In a trial co-sponsored between Defence Science and Technology Group (DSTG) and UK Defence Science and Technology Laboratory (DSTL), BAE Systems has successfully demonstrated the maiden flight of an experimental solar-powered unmanned aircraft at the Woomera Test Range (WTR).
The 35-metre wingspan PHASA-35 (Persistent High-Altitude Solar Aircraft) is designed to operate as a pseudo-satellite in the stratosphere, above the weather and conventional air traffic, performing many of the functions of a satellite while still being able to return to Earth.
It is powered by the Sun during the day and by batteries overnight. Long life batteries and efficient solar technology could allow the aircraft to stay aloft for up to a year.
Ian Muldowney, Engineering Director for BAE Systems said, “To go from design to flight in less than two years shows that we can rise to the challenge the UK Government has set industry to deliver a Future Combat Air System within the next decade.”
BAE Systems said PHASA-35 “When connected to other technologies and assets, it will provide both military and commercial customers with capabilities that are not currently available from existing air and space platforms”, going on to say it “also has the potential to be used in the delivery of communications networks including 5G, as well as providing other services, such as disaster relief and border protection.”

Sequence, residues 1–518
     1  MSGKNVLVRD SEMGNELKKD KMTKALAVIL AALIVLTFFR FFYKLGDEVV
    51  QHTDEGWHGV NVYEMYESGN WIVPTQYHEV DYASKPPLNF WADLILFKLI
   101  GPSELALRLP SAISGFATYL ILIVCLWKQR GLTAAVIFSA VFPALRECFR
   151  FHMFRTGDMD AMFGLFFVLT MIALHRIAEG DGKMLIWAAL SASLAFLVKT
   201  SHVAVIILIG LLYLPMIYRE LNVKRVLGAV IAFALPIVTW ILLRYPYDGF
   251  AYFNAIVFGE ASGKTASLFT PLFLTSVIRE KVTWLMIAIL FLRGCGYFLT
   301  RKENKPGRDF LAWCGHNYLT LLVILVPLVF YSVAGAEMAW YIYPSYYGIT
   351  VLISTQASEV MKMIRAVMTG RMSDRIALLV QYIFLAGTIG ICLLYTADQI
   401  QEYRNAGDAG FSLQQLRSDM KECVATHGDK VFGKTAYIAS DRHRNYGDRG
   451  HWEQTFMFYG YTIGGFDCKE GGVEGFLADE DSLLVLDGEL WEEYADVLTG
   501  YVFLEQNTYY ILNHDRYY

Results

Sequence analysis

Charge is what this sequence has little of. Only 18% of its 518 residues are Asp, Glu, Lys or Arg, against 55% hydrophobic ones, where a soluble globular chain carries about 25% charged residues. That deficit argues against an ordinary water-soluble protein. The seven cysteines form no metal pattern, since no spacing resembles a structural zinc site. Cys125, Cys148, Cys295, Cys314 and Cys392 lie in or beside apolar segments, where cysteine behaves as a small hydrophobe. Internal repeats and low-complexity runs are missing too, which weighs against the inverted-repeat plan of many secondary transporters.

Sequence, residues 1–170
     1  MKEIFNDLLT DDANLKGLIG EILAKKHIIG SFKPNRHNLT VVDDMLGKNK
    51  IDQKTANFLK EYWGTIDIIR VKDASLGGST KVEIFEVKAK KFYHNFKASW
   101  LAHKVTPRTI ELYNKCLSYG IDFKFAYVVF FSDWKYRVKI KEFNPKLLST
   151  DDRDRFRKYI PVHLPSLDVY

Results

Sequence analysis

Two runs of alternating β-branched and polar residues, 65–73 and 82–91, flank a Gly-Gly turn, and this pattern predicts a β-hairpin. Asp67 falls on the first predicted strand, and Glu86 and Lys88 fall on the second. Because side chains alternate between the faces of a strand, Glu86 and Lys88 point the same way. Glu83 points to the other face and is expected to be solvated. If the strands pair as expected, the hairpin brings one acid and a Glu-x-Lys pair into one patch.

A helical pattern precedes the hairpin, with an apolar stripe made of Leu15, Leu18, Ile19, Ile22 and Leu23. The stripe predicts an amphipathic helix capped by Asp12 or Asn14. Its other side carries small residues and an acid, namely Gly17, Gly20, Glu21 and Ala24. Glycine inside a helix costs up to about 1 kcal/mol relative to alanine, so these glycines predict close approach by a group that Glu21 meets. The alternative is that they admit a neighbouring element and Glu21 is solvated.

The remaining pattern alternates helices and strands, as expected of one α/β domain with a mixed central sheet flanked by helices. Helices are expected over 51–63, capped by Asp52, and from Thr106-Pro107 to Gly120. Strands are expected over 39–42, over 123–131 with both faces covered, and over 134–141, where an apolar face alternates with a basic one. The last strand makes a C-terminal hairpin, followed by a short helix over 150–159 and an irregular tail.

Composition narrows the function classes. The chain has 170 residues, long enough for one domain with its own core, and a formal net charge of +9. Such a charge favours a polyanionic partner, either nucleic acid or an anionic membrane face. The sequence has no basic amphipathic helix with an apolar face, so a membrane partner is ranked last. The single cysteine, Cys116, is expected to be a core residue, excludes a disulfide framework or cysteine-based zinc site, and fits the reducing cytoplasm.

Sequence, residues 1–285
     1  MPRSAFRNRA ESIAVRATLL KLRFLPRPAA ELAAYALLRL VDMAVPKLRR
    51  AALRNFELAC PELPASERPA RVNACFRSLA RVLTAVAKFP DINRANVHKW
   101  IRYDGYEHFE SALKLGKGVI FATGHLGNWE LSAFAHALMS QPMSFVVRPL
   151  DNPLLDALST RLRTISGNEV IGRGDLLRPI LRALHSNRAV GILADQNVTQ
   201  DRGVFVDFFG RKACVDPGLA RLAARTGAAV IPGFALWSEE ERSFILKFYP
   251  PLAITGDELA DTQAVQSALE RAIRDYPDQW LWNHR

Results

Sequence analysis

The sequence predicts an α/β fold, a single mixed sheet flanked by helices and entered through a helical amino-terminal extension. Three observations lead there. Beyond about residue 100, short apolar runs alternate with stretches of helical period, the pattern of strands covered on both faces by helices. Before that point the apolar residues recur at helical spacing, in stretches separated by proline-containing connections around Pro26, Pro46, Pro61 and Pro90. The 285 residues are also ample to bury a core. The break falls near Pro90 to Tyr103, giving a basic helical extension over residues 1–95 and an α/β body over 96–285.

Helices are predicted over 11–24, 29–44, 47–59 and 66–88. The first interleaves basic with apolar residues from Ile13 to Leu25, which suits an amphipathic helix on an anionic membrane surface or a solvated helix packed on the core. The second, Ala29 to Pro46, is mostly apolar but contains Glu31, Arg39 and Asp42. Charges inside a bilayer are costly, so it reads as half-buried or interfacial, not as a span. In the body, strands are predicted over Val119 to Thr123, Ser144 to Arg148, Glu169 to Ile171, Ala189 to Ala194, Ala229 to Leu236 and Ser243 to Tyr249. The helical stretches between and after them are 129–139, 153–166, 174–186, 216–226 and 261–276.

In terms of its contribution to a Future Combat Air System, PHASA-35 could provide a persistent platform to support a Joint Data Network, communications and navigation connectivity at the fraction of the cost of satellites.
BAE Systems continues to invest in applied autonomous capabilities having recently acquired Riptide Autonomous Systems, helping to position them as a leader in developing unmanned underwater systems. And in January, announced it had reached definitive agreements for the proposed acquisitions of Collins Aerospace’s military Global Positioning System business and Raytheon’s Airborne Tactical Radios business in the US. The PHASA-35 was built by UK firm Prismatic Ltd, which BAE Systems is now acquiring.
The trial was the first fully integrated flight test of the PHASA-35 system, delivering rapid proof of capability from design to flight in just 20 months. Further flight trials of the PHASA-35 are scheduled for later this year, with the prospect that the aircraft could enter initial operations within 12 months of completion of the flight trials program.